2) But those legal requirements of intentional conduct regarding classified information do not exist in the language of 18 U.S.C.A § 793(f), which is a felony:

"Whoever, being entrusted with or having lawful possession or control of any document, writing, code book, signal book, sketch, photograph, photographic negative, blueprint, plan, map, model, instrument, appliance, note, or information, relating to the national defense, (1) through gross negligence permits the same to be removed from its proper place of custody or delivered to anyone in violation of his trust, or to be lost, stolen, abstracted, or destroyed, or (2) having knowledge that the same has been illegally removed from its proper place of custody or delivered to anyone in violation of its trust, or lost, or stolen, abstracted, or destroyed, and fails to make prompt report of such loss, theft, abstraction, or destruction to his superior officer—Shall be fined under this title or imprisoned not more than ten years, or both."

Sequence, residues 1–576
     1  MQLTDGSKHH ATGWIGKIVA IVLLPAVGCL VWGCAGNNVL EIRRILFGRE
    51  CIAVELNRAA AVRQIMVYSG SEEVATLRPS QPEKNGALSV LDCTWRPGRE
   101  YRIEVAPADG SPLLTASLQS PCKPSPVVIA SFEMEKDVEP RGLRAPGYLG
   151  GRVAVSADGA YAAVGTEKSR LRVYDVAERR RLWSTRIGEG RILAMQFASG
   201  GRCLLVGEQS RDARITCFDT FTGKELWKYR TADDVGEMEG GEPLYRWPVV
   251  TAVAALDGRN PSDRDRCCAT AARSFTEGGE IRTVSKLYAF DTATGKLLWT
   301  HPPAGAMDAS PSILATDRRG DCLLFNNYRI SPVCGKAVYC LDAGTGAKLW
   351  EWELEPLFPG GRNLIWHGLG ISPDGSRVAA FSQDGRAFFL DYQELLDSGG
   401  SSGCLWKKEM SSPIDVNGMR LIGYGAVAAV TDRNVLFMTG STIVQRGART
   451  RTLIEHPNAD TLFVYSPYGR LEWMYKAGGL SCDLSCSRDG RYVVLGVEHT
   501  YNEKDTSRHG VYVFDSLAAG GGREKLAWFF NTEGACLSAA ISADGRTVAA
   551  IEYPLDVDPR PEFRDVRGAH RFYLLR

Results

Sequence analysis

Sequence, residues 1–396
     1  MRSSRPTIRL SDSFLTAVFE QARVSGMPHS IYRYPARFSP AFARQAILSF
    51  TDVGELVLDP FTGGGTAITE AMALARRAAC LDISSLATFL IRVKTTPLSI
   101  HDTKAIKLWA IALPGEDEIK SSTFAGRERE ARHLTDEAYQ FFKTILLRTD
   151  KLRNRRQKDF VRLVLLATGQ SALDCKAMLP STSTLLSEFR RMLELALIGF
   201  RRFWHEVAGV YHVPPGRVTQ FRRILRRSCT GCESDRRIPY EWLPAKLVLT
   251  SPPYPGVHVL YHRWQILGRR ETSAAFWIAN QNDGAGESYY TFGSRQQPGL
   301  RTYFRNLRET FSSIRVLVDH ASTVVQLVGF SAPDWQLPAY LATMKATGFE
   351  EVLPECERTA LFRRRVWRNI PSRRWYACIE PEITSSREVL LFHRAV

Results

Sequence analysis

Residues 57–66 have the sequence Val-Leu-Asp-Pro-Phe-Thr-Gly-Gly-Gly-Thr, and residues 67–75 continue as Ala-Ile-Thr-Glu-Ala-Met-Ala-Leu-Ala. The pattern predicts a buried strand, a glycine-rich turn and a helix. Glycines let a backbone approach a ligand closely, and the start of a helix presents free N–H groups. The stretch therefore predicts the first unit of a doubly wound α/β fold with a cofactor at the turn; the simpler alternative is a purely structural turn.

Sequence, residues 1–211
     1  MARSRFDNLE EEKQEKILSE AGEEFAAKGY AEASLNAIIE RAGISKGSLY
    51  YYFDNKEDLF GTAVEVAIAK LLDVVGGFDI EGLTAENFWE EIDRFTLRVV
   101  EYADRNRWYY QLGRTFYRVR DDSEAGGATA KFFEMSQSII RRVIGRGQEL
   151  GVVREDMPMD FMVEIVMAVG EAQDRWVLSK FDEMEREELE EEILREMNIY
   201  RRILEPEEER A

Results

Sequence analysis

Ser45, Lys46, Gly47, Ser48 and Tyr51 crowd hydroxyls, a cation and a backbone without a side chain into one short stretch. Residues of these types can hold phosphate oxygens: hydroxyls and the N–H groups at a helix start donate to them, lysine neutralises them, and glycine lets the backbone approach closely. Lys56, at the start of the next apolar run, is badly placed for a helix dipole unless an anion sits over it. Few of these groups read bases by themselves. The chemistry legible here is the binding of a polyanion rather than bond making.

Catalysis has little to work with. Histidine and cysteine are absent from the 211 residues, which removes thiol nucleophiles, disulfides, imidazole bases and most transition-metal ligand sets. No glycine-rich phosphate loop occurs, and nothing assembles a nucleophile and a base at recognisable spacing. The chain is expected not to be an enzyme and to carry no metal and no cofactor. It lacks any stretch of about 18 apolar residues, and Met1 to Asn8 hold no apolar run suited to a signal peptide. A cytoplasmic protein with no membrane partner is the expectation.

Here, if it is determined that by "gross negligence" she permitted information "relating to the national defense" (as opposed to the more formal "classified" definition) "to be removed from its proper place of custody," then she could be facing up to 10 years behind bars.

Reading this as a layperson, one might think, 'How could it not be negligent to have top-secret material on your personal email account?' Except that this is an espionage statute, not lay language, and this law has been interpreted to have a very specific meaning.

In 1941, the U.S. Supreme Court heard a case which challenged whether the phrase "national defense" in this very espionage law was too vague and over-broad. The answer was no only because:

"We find no uncertainty in this statute which deprives a person of the ability to predetermine whether a contemplated action is criminal under the provisions of this law. The obvious delimiting words in the statute are those requiring intent or reason to believe that the information to be obtained is to be used to the injury of the United States, or to the advantage of any foreign nation. This requires those prosecuted to have acted in bad faith."

The Supreme Court clearly never envisioned a prosecution under the Espionage Act without "intent" to injure the United States and in "bad faith." (This was in reference to a different section of the same law but the point remains the same.) Other courts have interpreted the phrase "national defense" narrowly as a direct result of the fact that on its face, the words seem so broad.